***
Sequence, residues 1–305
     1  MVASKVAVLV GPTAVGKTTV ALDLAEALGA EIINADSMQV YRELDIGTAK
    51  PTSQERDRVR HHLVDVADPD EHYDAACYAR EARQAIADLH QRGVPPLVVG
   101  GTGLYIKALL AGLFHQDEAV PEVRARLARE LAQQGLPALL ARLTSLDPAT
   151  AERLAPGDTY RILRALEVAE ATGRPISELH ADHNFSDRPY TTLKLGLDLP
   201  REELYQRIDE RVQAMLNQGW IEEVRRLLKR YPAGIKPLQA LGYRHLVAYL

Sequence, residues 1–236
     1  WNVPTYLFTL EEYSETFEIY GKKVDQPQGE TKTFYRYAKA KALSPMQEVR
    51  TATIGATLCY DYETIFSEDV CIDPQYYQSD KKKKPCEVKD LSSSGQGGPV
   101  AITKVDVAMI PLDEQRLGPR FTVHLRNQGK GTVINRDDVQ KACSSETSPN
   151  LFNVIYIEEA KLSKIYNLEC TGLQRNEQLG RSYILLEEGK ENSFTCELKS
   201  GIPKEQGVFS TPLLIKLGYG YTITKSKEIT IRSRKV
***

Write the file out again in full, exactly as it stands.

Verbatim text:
Sequence, residues 1–305
     1  MVASKVAVLV GPTAVGKTTV ALDLAEALGA EIINADSMQV YRELDIGTAK
    51  PTSQERDRVR HHLVDVADPD EHYDAACYAR EARQAIADLH QRGVPPLVVG
   101  GTGLYIKALL AGLFHQDEAV PEVRARLARE LAQQGLPALL ARLTSLDPAT
   151  AERLAPGDTY RILRALEVAE ATGRPISELH ADHNFSDRPY TTLKLGLDLP
   201  REELYQRIDE RVQAMLNQGW IEEVRRLLKR YPAGIKPLQA LGYRHLVAYL

Sequence, residues 1–236
     1  WNVPTYLFTL EEYSETFEIY GKKVDQPQGE TKTFYRYAKA KALSPMQEVR
    51  TATIGATLCY DYETIFSEDV CIDPQYYQSD KKKKPCEVKD LSSSGQGGPV
   101  AITKVDVAMI PLDEQRLGPR FTVHLRNQGK GTVINRDDVQ KACSSETSPN
   151  LFNVIYIEEA KLSKIYNLEC TGLQRNEQLG RSYILLEEGK ENSFTCELKS
   201  GIPKEQGVFS TPLLIKLGYG YTITKSKEIT IRSRKV